It “was about an extremely sheltered, straight-A high school student from Richmond who went to college and fell in love with a drug dealer,”Courtland Milloy wrote that year in the Washington Post. “Arrested and convicted of conspiracy to traffic in cocaine, Kemba [Smith] — a first-time offender who prosecutors admit never actually touched the stuff — went to prison in 1995 under federal mandatory minimum sentencing laws for 24 1/2 years without parole. She was 24 years old. . . .”
Although he had left NNPA, Curry continued to champion the black press.
Last month, he challenged a New York Times story on black media, saying ownership, not customer base, is the relevant issue.
“The larger failure was not addressing the importance of Black-owned and operated media. . . . The issue is not race or ethnicity per se — it’s an issue of trust. African Americans trust the Black Press and distrust the White-owned corporate media. . . .”
In 2003, Curry was named Journalist of the Year by the National Association of Black Journalists for his work with the black press, and in accepting, delighted NABJ’s Dallas convention audience with impressions of Jesse Jackson and James Brown. He had long covered Jackson, especially during Jackson’s presidential campaigns of the 1980s.
Curry also co-founded the Greater St. Louis Association of Black Journalists and founded the St. Louis Minority Journalism Workshop, a training program for aspiring high school journalists that was replicated in other cities; was the first African American president of the American Society of Magazine Editors; and, through his George Curry Media, syndicated his columns. He was also active on the speakers’ circuit.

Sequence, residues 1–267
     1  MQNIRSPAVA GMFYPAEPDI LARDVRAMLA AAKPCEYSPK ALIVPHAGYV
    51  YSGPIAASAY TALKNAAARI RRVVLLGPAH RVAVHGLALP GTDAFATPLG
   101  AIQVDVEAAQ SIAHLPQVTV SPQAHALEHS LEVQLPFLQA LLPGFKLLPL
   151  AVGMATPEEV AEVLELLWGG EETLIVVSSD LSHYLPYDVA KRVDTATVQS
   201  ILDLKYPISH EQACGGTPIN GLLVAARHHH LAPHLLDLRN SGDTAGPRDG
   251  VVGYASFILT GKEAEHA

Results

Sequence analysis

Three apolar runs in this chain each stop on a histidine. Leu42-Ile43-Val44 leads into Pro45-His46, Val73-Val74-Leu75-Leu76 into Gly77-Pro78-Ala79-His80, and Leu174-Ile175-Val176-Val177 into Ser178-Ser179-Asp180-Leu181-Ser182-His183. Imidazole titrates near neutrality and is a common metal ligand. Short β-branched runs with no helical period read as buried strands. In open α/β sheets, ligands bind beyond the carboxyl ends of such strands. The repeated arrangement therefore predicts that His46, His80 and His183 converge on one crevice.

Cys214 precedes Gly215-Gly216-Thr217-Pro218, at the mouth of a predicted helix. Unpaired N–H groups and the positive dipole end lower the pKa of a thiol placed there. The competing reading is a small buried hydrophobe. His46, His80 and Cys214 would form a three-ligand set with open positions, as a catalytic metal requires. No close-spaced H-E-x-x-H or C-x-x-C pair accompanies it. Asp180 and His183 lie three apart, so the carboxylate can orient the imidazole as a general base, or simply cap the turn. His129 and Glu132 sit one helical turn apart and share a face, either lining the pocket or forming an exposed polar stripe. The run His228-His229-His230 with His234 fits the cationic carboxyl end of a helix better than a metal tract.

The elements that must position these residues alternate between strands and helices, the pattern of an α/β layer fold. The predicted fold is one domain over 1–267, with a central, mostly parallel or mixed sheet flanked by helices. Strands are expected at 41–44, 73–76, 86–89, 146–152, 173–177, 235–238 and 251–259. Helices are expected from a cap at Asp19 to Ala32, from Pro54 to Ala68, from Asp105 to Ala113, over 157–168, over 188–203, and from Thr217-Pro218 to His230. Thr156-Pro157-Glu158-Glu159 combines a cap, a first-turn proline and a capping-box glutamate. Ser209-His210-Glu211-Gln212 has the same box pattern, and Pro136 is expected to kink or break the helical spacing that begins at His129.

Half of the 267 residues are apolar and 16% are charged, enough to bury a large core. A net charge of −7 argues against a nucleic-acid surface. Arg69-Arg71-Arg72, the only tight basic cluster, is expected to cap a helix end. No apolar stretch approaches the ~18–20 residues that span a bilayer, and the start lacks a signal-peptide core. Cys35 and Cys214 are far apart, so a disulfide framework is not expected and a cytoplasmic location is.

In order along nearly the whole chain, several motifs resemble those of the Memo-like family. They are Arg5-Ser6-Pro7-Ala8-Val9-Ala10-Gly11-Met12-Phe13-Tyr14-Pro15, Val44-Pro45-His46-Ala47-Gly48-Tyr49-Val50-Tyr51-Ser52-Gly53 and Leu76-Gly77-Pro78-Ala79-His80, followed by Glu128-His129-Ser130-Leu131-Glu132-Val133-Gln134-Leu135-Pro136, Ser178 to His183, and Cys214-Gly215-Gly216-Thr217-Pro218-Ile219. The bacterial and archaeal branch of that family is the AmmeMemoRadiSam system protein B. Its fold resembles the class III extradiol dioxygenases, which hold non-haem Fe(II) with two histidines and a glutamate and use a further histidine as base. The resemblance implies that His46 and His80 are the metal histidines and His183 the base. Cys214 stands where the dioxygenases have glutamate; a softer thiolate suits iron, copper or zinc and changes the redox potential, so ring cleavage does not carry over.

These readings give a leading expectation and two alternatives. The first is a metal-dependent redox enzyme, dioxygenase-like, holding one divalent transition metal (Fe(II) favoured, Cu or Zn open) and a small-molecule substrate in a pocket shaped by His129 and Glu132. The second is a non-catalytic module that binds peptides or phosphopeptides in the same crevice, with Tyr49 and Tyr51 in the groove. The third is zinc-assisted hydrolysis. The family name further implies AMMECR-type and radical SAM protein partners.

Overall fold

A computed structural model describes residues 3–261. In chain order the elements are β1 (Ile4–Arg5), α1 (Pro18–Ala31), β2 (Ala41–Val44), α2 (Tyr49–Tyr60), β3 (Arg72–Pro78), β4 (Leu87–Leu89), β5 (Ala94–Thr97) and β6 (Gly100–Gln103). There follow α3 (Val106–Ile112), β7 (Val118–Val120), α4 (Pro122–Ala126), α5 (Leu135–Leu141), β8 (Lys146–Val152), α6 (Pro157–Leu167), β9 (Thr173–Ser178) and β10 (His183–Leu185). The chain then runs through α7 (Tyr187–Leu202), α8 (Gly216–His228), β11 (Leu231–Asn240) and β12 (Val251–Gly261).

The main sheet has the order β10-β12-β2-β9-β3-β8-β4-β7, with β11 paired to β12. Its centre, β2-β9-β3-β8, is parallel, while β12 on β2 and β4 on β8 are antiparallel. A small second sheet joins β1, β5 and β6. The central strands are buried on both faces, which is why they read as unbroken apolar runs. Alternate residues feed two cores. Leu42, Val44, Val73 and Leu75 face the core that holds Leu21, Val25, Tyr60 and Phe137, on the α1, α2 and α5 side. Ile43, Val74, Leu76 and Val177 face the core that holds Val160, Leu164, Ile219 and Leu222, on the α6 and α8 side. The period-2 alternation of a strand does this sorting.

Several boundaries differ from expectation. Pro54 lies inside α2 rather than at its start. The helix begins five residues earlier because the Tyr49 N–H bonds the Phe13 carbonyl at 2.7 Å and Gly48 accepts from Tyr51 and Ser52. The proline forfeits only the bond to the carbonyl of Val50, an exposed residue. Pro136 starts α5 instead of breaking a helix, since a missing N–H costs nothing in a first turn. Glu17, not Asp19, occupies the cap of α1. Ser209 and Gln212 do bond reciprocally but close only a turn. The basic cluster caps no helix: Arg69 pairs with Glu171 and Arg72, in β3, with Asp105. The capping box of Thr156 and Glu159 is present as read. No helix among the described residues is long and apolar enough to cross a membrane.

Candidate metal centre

TheHistoryMakers has posted this biography:
“George Edward Curry was born on February 23, 1947, in Tuscaloosa, Alabama; his mother worked as a domestic and his father was a mechanic. Curry’s father abandoned the family when Curry was just seven years old, leaving him to step into the role of the man of the house, assisting his mother in raising his three younger sisters. In 1965, Curry earned his high school diploma from Druid High School, where he was a member of the football team and sports editor of the school newspaper.
“In 1966, Curry moved to New York where he worked for The Student Nonviolent Coordinating Committee (SNCC) for a year. Curry earned his bachelor of arts degree in history from Knoxville College in 1970. Fulfilling a lifelong dream, Curry began his professional journalism career as a reporter for Sports Illustrated magazine in 1970; he was the second African American hired by the publication.
“After leaving Sports Illustrated in 1972, Curry headed west and worked as a beat reporter for The St. Louis Post-Dispatch until 1983. In 1977, he founded the St. Louis Minority Journalism Workshop, a training program for aspiring high school journalists; that same year, he wrote his first book Jake Gaither: America’s Most Famous Black Coach.